Ask LH: Are My Long Network Cables Slowing Me Down?

Ask LH: Are My Long Network Cables Slowing Me Down?

Hey Lifehacker, Cable question: Currently I am using a 7-foot Cat 5e cable from the router to the ethernet wall jack in the bedroom upstairs. I want to use a 100-foot cord. I need to run it out the upstairs window, across the porch roof and down into the window on the main floor into my office. We lease, so drilling holes and feeding it downstairs is not an option. The room where it is now is directly above the room it needs to feed into. What I’m wondering is: does longer cable equal slower speed? Thanks, Cable Confusion

Cabling picture from Shutterstock

Dear CC

When it comes to signal transfer and cable lengths there are lots of factors in play. For example, you need to consider how well insulated the cable is, the nature of the installation (if the cable is exposed to the elements then keeping it in conduits for protection will ensure that it performs well for as long as possible) and the quality of the terminations at the cable ends.

Cat5e cabling is designed to run at lengths of up to 100m – about three times the length you need so you’re not likely to hit any limitations in the cable.

Logic dictates that the longer the cable the longer it will take data to move. But at the length you’re talking about we’d be very surprised if the cable length was going to impact performance. We’ve run cables much longer than you’re describing as part of office installations and cable length is never a significant factor in performance.

Just make sure it’s a good quality cable and that the plugs on the ends are installed correctly, As the cable will be running outside, protect it as well as you can. Run it in a sealed conduit if possible so that the cable doesn’t perish when exposed to the elements.

Cheers Lifehacker

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  • Maybe the article should also point out that running a Cat 5 cable across the porch roof isn’t a very smart thing to do and has more influence than the length of the cable.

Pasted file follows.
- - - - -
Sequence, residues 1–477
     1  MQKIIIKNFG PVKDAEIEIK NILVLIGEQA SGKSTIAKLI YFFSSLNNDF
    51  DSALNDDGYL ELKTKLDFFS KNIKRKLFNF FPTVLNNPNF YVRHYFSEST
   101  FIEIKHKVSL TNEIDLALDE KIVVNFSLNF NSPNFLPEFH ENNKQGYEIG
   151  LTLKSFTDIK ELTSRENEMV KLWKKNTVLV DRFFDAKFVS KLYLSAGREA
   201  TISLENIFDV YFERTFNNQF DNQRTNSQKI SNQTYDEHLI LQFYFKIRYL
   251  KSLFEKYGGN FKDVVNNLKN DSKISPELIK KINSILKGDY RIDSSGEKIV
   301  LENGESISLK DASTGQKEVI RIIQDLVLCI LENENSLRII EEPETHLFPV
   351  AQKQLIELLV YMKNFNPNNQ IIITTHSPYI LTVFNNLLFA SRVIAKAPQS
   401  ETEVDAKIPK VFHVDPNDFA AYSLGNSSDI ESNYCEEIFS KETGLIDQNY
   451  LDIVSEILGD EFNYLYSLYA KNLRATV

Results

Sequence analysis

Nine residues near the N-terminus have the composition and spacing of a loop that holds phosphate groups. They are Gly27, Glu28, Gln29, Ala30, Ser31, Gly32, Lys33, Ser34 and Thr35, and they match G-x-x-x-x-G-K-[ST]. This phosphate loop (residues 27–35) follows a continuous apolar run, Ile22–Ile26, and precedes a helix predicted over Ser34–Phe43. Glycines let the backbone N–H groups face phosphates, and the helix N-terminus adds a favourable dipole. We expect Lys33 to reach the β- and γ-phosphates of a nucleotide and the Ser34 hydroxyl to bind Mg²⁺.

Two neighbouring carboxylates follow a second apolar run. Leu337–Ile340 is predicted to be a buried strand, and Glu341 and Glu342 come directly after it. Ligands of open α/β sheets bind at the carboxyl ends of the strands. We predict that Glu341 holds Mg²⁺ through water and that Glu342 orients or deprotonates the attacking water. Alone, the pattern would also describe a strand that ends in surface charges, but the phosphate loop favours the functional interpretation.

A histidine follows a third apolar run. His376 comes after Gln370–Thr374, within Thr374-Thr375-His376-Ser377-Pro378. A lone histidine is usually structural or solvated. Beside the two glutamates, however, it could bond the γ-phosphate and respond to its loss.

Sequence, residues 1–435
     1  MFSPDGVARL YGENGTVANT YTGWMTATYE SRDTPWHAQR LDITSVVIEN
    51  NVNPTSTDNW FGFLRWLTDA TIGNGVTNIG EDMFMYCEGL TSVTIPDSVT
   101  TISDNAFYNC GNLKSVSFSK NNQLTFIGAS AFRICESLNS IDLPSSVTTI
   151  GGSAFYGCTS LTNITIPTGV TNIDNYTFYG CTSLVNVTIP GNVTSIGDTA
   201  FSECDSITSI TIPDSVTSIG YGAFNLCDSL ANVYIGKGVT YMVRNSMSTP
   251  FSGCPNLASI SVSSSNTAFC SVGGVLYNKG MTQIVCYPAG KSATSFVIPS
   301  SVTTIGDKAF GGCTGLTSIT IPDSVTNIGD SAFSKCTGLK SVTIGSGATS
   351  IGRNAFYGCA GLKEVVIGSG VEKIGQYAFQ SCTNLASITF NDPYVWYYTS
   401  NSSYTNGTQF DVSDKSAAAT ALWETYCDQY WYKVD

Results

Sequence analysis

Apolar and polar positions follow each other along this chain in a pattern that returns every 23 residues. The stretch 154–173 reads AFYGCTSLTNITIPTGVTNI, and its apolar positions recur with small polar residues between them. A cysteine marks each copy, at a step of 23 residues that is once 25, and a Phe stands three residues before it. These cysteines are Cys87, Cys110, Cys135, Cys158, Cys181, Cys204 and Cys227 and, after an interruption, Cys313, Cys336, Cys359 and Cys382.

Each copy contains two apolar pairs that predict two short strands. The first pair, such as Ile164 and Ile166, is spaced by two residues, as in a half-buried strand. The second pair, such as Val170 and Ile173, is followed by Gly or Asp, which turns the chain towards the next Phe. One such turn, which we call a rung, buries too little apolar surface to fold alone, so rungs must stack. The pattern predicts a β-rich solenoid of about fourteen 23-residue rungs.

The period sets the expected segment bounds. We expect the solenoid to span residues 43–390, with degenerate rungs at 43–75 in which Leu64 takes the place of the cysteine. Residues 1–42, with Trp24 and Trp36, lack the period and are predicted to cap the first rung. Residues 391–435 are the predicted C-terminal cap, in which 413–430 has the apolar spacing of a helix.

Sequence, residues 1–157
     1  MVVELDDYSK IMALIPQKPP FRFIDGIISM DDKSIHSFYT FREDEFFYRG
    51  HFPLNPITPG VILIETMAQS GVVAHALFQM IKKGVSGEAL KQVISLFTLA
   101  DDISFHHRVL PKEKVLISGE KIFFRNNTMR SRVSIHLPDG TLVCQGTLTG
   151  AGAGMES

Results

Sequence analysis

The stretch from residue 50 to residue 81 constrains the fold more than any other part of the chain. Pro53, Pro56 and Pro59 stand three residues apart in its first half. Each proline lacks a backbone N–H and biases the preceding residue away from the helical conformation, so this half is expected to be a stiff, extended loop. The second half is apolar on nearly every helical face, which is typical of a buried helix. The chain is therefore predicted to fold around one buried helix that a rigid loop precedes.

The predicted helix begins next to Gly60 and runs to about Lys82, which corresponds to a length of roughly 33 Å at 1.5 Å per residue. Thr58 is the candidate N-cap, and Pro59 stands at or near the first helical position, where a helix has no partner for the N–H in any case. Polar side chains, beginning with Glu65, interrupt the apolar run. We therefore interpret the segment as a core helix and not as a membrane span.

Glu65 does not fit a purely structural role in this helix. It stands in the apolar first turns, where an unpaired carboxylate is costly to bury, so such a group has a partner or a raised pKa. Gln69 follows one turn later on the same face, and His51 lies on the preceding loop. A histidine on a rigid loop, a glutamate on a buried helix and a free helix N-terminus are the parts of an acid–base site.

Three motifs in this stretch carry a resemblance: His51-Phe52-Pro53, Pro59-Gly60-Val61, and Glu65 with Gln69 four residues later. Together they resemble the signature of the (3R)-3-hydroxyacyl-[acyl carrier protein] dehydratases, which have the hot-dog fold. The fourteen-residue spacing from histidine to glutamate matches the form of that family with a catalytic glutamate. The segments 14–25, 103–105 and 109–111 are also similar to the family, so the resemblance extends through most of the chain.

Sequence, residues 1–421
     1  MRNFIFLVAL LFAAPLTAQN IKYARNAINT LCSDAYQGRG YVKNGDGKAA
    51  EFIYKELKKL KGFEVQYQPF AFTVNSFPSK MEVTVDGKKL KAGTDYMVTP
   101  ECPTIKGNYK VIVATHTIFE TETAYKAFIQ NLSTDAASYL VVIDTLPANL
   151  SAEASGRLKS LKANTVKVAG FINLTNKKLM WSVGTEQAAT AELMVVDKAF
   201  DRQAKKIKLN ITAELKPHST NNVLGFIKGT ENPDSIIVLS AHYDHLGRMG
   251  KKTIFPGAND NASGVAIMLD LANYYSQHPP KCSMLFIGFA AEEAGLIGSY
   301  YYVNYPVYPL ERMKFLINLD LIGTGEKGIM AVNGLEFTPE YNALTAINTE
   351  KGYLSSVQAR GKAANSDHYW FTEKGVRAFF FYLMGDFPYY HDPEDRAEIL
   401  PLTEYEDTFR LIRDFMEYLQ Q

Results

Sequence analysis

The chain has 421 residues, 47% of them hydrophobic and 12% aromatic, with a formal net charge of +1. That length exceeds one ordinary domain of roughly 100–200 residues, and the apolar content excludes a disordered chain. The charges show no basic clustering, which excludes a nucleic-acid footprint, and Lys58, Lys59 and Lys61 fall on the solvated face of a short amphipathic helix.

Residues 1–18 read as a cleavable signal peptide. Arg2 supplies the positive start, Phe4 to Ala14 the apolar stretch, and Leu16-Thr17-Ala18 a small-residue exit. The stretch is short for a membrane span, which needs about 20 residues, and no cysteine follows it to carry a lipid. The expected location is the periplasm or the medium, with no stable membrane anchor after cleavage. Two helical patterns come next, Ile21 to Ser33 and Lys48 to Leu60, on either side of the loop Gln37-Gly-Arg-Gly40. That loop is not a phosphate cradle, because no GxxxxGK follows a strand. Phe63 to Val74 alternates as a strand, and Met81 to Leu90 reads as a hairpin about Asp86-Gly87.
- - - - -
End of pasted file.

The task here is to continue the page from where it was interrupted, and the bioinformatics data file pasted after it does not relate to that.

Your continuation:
• Prolonged exposure to the elements tends to make plastics… brittle.
    Brittle cables get cracks, which allow moisture in, which effects the properties of the cable.

    Unless you get cable rated for outdoors (TV co-axial) be prepared for degraded performance over time. When your lease runs out, don’t bother keeping the cable.

  • The signal carried by electricity travels at a large fraction of the speed of light (between 0.66c and 0.96c) so over 100 feet (30 metres) the added latency would be approx. 30/(300000000*0.66) = 0.15 microseconds.

    The issues are, as others have said, that exposure to weather will cause degradation in the cable. If you ask nicely your landlord may permit you to make the necessary internal alterations. In that case you will need to do a professional job (secured wall plates).

    As for cat5e vs. cat6, cat6 cable is significantly stiffer and so a bit harder to run around tight corners. Both will carry gigabit speeds over their rated lengths. I normally wouldn’t worry about cat6 unless I’m anticipating a major network upgrade (i.e. 10Gbps) *or* hostile conditions (such as running the cable over a porch roof).

  • The easiest way to protect Ethernet cable for outdoor runs, is to simply shove it inside some garden hose. It stops the Ethernet cable dying under the sun’s UV, and you don’t need to worry about sharp edges destroying the cable.
    I don’t really understand Temujin’s post above – “running a Cat 5 cable across the porch roof isn’t a very smart thing to do”. It’s absolutely the smart thing to do if you want to get 1Gb data rates from A to B. There’s no Wireless or Powerline solution that will match the speed of a $20 network cable inside a $20 garden hose.

  • Might be worth mentioning that it’s illegal to run LAN cables out windows, through walls…
    Needs to be done by a licensed person.

    Won’t help this situation but it should be mentioned.

    • Putting permanent cable in a wall, with a wall plate, is supposed to be done by a person with an AUSTEL cabling licence. Primarily to ensure you comply with seperation [15cm?] from power cables, use white ducting [not orange, that’s for power]. Underground cables also have some fancy requirements.
      Running it out a window is like laying it on the floor – can be done by anyone.

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